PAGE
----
- She is 6mnths old now, loves to play, but i am totally out of ideas on what to play/train her in the garden. Any suggestions/videos/books with games/exercises for her for this age please?

 

Not-so-puppy-anymore tax attached :D

 

Warm regards to everyone

 

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Beautiful little girl. She is doing fine.

Right now, she is in her TEENAGE years. Each dog is different, but this phase usually hits around 5, 6 or 7 months. Very common when pups seem to be very distracted, lose some of their training and generally want to blow you off because they are REALLY beginning to notice the outside world. i.e. you are no longer all important. LOL.  Generally, you keep working on foundation training (you may have to go back to more basic learning just because they are testing the boundaries and you want them to have as much success as possible.)  Just grit your teeth, stay positive, keep up the basic training on the long line to prevent bad behavior, and she will come out the other side (one or two months).

Yes, every once in a while, you can test her off-long-line behavior to see how she responds, but if she doesn't come (do it in a low distraction environment to give her a fair chance. Don't set her up to fail.), then no second-chances. She goes back on the long line for another week. Remember, teenager.

Obviously, the other dogs at training class are too distracting right now. The instructors should be allowing you to work closer so she can be more successful. Talk to them.

Eating - no free feeding.

Human food - If you want to save bits, save them to put on HER kibble at HER mealtimes.  If she is crowding you at the table, teach her a command (mat, place, bed) where she goes to a special little rug, or dog bed, (one you have used for training) while you eat. Obviously, behavior will take a long time to teach and proof for duration, but might as well get started. This is also a good command to have if you want to get her out of the way in the kitchen.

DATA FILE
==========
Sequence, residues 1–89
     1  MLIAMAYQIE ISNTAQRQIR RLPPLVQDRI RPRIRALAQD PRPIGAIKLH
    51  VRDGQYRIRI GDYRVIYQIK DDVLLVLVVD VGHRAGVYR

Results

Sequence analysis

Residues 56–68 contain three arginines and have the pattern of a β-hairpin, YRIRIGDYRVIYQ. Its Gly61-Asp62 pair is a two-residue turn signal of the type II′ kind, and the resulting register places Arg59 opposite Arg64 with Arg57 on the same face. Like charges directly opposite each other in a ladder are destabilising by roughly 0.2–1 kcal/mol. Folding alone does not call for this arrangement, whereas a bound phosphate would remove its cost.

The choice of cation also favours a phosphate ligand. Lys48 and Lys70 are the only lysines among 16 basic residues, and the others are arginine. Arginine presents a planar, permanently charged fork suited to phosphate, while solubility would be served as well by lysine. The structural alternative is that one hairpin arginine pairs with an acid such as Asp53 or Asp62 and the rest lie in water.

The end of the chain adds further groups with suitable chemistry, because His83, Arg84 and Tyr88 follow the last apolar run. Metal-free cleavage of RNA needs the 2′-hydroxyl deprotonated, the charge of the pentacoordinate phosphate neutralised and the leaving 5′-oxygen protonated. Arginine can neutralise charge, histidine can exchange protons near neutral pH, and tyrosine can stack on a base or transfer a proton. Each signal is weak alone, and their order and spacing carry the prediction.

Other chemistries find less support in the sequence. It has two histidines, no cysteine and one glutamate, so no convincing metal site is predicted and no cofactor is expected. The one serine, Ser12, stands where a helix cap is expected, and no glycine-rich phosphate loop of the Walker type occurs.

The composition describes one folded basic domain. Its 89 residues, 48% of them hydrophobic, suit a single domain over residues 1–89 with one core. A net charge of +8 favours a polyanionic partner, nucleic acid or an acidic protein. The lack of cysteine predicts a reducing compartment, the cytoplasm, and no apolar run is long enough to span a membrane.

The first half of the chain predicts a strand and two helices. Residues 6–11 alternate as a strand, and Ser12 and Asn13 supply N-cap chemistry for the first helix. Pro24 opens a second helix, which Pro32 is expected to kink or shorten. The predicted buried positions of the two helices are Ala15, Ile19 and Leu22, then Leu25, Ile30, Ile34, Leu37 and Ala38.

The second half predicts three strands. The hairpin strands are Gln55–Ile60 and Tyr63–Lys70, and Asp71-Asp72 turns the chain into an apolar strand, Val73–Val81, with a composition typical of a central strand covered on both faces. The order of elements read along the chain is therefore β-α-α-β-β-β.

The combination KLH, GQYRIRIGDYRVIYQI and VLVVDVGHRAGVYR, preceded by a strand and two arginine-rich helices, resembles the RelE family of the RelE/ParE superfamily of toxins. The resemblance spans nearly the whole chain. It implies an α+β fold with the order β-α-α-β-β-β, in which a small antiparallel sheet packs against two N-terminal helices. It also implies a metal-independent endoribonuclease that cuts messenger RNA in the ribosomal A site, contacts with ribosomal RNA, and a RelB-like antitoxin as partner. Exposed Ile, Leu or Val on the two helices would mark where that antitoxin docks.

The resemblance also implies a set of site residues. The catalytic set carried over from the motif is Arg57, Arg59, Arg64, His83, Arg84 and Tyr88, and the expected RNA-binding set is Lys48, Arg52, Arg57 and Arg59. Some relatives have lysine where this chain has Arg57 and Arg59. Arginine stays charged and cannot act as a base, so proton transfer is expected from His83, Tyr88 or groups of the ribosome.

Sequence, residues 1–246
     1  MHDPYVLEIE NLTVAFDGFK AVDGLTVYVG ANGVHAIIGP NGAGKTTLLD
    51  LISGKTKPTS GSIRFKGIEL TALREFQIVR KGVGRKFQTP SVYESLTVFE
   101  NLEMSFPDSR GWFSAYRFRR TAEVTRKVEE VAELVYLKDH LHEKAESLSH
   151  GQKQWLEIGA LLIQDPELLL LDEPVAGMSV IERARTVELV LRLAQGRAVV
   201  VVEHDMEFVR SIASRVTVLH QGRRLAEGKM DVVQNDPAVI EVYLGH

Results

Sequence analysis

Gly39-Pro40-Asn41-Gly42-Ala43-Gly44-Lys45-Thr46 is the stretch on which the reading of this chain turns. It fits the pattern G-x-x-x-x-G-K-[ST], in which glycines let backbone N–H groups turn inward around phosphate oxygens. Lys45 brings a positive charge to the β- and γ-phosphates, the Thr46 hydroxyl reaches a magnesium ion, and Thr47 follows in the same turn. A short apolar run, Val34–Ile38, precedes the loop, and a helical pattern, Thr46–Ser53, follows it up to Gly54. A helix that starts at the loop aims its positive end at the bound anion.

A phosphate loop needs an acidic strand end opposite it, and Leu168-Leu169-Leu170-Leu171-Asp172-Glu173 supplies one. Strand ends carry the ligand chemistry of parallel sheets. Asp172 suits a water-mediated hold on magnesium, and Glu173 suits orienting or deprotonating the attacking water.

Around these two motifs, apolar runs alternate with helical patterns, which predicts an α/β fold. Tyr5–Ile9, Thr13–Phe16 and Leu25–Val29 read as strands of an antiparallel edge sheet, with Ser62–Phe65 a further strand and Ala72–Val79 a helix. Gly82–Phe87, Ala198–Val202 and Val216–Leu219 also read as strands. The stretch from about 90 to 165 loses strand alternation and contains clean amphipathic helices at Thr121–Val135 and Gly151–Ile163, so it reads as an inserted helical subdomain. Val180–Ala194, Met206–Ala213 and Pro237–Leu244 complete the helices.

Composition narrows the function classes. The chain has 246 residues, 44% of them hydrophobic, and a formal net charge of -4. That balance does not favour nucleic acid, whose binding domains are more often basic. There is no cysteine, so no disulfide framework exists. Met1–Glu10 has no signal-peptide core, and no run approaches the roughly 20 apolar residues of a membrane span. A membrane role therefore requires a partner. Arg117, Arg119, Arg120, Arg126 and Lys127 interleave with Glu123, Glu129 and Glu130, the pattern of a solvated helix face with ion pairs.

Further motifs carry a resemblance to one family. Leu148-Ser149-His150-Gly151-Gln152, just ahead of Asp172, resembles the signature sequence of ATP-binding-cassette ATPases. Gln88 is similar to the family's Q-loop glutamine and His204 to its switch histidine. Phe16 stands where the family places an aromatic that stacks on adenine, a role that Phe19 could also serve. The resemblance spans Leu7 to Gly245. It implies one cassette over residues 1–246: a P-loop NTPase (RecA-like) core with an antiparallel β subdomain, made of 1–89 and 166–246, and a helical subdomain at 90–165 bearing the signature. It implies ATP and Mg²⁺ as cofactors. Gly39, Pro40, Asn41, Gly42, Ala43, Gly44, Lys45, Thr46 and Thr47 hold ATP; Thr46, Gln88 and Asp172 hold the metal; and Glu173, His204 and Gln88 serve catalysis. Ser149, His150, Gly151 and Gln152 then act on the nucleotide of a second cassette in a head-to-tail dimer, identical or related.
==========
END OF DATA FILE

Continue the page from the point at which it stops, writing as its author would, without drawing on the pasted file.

Digging - not much experience here, but I have heard that some people will set up a special section in their yard similar to a child's sandbox. Then they will bury toys in there and actually encourage the dog to dig there, and only there. The dog gets reinforced when they find a toy. Others may have better suggestions.

Good Luck.

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18 minutes ago, gcv-border said:

(...)

Thank you for your reply. A lot of things you said are reinforcing what we already tough. We will see when we have more replies, if everyone thinks the same :D

For the teenager "years", we heard it will until she was 1,5/2 years old... That would be really long :unsure:

 

 

 

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IME, IF you are consistent in your training, they will turn the corner in a couple of months. I think the mistake some people make is to think that the dog is being stubborn or hard-headed and continue to train as if they should be continuing on an upwardly linear training journey. The dog gets frustrated and your relationship can suffer.  Relax, go back to some basic skills, make the dog successful and happy. It is only a short time in the scheme of things.

They are STILL a 'puppy' after the teenage years and need the appropriate training. I would consider the 1.5-2 year old benchmark about when they calm down and become adults.